The dog was led away round a corner, and the Italian was told to call it. The Italian began confidently, but when no dog appeared, his voice rose in tones of shrill despair, particularly when he noticed Guardsmen Adamson and Montgomery significantly shifting Tommy guns from hand to hand.

    The Adjutant decided to look at the dog before doing anything hasty, went round the corner and found it, struggling desperately and half-strangled by a rope tied to its collar. Hanging on the rope was Major Kennedy. "A grand little dog," he said. "It took to me at once."

    The Italians were reprieved.

    War Diary: 1st Battalion IRISH GUARDS, September 1939 - July 1944


    I have the honour to submit an account of the night attack and subsequent withdrawal of my own Company and of No. 1 Company while it is still fresh in my mind, which may be attached to the War Diary and possibly be of use in completing the Regimental History after the War.
    As far as possible with the latter consideration in view I have mentioned names, particularly of those who did outstanding work.

    During the morning of the 29th Company Commanders were sent for and ordered to go up to an O.P., in the area of one of the SCOTS GUARDS localities.
    The plan was explained.
    The object was to capture and hold the road running across the main road, No. 2 Company on the Right, No. 1 Company on the Left, No. 3 Company to provide Left flank protection and No. 4 Company to provide depth on the railway line.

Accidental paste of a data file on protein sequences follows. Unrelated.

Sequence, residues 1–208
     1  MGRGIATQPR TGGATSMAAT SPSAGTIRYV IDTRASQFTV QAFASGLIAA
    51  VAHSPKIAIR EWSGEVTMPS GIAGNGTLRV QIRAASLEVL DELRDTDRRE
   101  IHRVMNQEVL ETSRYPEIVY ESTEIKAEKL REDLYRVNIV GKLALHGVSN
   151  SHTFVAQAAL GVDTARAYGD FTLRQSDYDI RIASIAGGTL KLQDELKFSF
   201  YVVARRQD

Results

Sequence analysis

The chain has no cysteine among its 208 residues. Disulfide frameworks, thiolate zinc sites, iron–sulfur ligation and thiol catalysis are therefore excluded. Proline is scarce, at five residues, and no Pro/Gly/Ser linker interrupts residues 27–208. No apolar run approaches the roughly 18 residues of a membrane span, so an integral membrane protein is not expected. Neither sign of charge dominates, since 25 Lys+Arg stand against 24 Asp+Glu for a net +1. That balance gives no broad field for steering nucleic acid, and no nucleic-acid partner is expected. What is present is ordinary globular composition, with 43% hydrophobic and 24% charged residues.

On the capture of the objective, which was to be the Start Line of an attack by the 3rd INFANTRY BRIGADE at 1200 hours on the 29th, No. 2 Company had to contact the SCOTS GUARDS on the Right and No. 1 Company had to contact No. 3 Company on the Left.
    As soon as possible supporting arms, including Tank Busters would come up, together with Company ‘F’ Echelon transport.
    From Zero minus 40 until Zero there was to be an artillery barrage from 200 yards in front of the Start Line which should lift on to the objective.
    From the O.P., already mentioned it was possible to see only a part of the objective and only certain areas of the ground to be crossed.
    There was little information of the enemy in this area.
    But it soon became obvious that there were enemy localities in the area because Company Commanders were straffed by German machine guns returning to their Companies.

    Zero Hour was put back three quarters of an hour and eventually the Companies led off to the Start Line, down the railway in the order:-
    No. 2 Company
    No. 1 Company, and
    No. 4 Company
    It is interesting to point out here that over sufficient time cannot be allowed for night movements, especially where Companies have to move in single file.
    On reaching the Start Line companies got into their deployed positions.
    This was somewhat difficult as, first the noise was excessive and second many of the shells were failing very short.
    However at Zero the two forward companies moved off, both two platoons up on either side of the railway line.
    Both Companies got about half way when German lights went up and one Machine gun from the Left opened up on No. 1 Company and then from the front at No. 2 Company.
    On the Right the ground was ideal for enemy machine guns, on the Left there was dead ground which extended to about 200 yards to the Left of the railway line.
    Fortunately No. 1 Company had made very good use of this and with one casualty reached its objectives.

    On the Right owing to the reasons already given also again to the fact which soon became obvious, insufficient artillery support, things were not so easy.
    Machine gun fire was accurate and unfortunately severely wounded the right hand Platoon Commander Lieutenant H. GILLOW and three or four men.
    Both forward platoons worked their way into a gully.
    Immediately Serjeant MURPHY, Platoon Serjeant of the Right hand platoon rallied his men and with cover from the Left hand platoon, attacked a small house on an old railway bed.